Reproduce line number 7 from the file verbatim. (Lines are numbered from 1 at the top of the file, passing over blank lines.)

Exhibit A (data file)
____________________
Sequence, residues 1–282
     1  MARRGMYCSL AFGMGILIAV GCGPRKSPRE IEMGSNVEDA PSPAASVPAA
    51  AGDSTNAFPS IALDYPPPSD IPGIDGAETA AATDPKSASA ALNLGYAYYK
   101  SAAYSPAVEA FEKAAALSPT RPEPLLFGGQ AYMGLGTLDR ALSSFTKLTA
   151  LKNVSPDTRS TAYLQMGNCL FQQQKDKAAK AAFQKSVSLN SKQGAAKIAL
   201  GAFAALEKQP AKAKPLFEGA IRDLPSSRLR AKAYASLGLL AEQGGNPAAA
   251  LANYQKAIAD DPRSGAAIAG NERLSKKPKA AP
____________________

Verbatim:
   251  LANYQKAIAD DPRSGAAIAG NERLSKKPKA AP